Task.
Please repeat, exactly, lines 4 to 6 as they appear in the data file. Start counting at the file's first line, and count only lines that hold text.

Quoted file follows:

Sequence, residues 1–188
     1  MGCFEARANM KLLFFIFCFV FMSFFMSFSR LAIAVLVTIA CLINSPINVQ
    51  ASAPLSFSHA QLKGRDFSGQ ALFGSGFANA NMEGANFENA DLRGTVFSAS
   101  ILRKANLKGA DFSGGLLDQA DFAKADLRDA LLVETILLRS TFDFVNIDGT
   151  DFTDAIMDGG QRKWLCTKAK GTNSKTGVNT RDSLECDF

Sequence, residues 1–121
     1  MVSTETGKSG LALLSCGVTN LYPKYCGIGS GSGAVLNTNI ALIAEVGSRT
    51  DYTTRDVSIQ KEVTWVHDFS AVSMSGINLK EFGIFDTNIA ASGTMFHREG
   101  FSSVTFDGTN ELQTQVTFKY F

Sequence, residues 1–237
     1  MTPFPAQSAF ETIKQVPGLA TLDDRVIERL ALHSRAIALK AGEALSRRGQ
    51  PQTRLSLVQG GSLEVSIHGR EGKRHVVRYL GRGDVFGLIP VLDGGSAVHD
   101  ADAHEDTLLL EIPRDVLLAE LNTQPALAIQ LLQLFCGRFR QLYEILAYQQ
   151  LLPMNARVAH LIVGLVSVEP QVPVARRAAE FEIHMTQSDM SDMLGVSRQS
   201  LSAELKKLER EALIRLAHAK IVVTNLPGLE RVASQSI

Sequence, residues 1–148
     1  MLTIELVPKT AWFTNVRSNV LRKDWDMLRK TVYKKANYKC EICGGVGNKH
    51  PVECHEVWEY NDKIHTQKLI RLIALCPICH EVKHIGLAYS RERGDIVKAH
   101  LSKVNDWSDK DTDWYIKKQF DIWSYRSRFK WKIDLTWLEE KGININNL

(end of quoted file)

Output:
   101  ILRKANLKGA DFSGGLLDQA DFAKADLRDA LLVETILLRS TFDFVNIDGT
   151  DFTDAIMDGG QRKWLCTKAK GTNSKTGVNT RDSLECDF

Sequence, residues 1–121